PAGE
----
When was the last time you did neck strengthening exercises? Most people don’t think about strengthening their neck. Instead, they stretch the muscles of the neck when it feels sore and stiff, with little focus on the prevention of neck pain through strength exercises. If we’re looking at building capacity and protecting the neck from injury, we would probably put more focus on strengthening as opposed to stretching. Thankfully, we don’t have to choose one or the other; we can look at utilizing stretching and strengthening as options for the treatment and prevention of neck pain. For this blog, we’re going to focus on the underutilized option of neck strengthening.
As per every blog we post here, the following exercises may or may not be appropriate for you. It’s important to speak with a knowledgeable health care practitioner who understands your condition so that your rehabilitation is tailored to your specific needs. The recommendations may depend on whether pain is present, whether there is significant tissue damage or whether there is simply just irritation of cervical structures.
In the realm of tendon research, there is ample evidence supporting the idea of an isometric muscular contraction for pain control. (An isometric contraction is when you don’t move the area but just hold a muscular contraction). This approach can also be applied to many types of neck pain, and they are a great starting point for strengthening. Isometrics can also be great for modulating pain and re-introducing a muscular challenge to a painful, weak, or injured area.
Supine Deep Cervical Flexion – tuck your chin as if you’re nodding ”yes” with just your skull, then lift your head off the ground and hold.
Side-lying Isometric – Similar to above, you’re going to lift your head off the ground and hold it in a position similar to what is pictured.
Prone Extension Isometric – Lying on the stomach, gently tuck your chin in (as if you’re nodding “yes” with your skull) and lift your face off the ground. Hold the position (isometric contraction).
You can’t go wrong with getting strong. There are many reasons to strengthen your neck. For example, neck strength is a significant predictor of concussion; for every one pound increase in neck strength, the odds of a concussion are decreased by 5%. To get specific, head rotation has been linked with concussion, and a strong neck may protect against rotational stress. Tierney et al. found that among soccer players, females had a greater head acceleration in response to an applied force when compared to males. They postulated that this was likely due to weaker neck strength. If you think of it logically, a weak neck might have a poorer ability to stabilize the skull when subjected to external forces. A strong neck might help limit the severity or occurrence of concussion when a rotational force is applied to the area. When isometric exercises become too easy, perhaps a reasonable progression would be adding motion, as shown below.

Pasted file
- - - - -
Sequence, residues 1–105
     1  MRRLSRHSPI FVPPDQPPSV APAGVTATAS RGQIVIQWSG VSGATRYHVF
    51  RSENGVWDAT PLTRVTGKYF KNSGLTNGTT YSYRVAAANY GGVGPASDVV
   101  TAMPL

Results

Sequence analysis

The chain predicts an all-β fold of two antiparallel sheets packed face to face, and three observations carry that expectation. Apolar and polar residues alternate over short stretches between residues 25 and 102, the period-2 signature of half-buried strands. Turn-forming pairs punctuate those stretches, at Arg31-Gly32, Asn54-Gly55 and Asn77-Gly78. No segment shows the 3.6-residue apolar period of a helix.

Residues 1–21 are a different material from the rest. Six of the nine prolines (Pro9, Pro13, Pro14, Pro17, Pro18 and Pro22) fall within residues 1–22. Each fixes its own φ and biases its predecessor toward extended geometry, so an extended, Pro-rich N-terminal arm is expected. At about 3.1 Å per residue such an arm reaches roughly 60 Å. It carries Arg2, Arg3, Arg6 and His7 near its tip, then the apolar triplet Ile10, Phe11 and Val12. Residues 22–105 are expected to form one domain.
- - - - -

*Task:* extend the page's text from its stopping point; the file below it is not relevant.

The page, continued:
Supine Deep Flexion Repetitions – Similar to the isometric flexion exercise listed above, we’re just adding up and down motion to challenge the front of the neck.
Side-lying lateral flexion – Similar to the lateral flexion isometric exercise shown above, the progression is adding motion up and down, challenging the side of the neck.
Prone Extensions – While lying on the stomach, move the head up and down within a pain-free range of motion. Basically, you’re nodding yes while lying on your stomach.
Rotation can be a very difficult movement for the neck and for those with neck pain. Slow rotational movements while supine and prone (lying on the back and on the stomach) is a good way to challenge the muscles of the neck. This can be done side-lying as well. Keep in mind these exercises have no resistance other than gravity. For cases that need advanced challenge and feel the need for further challenge to the muscles of the neck, resistance can be added to all these exercises, although this would be considered advanced and are best prescribed and recommended by a suitable professional.
Supine rotations – While lying on the back, raise the head off the table and slowly rotate left and right.
(Prone Rotations – Similar to the above exercise, but you’re lying on your stomach and lifting your head off the table, then turning your head slowly left and right).
Collins CL, Fletcher EN, Fields SK et al. Neck strength: a protective factor reducing risk for concussion in high school sports. J Primary Prevention. 2014 (online).
Tierney RT et al. Sex differences in head acceleration during heading while wearing soccer head gear. Journal of Athletic Training, 43(6), 578-584.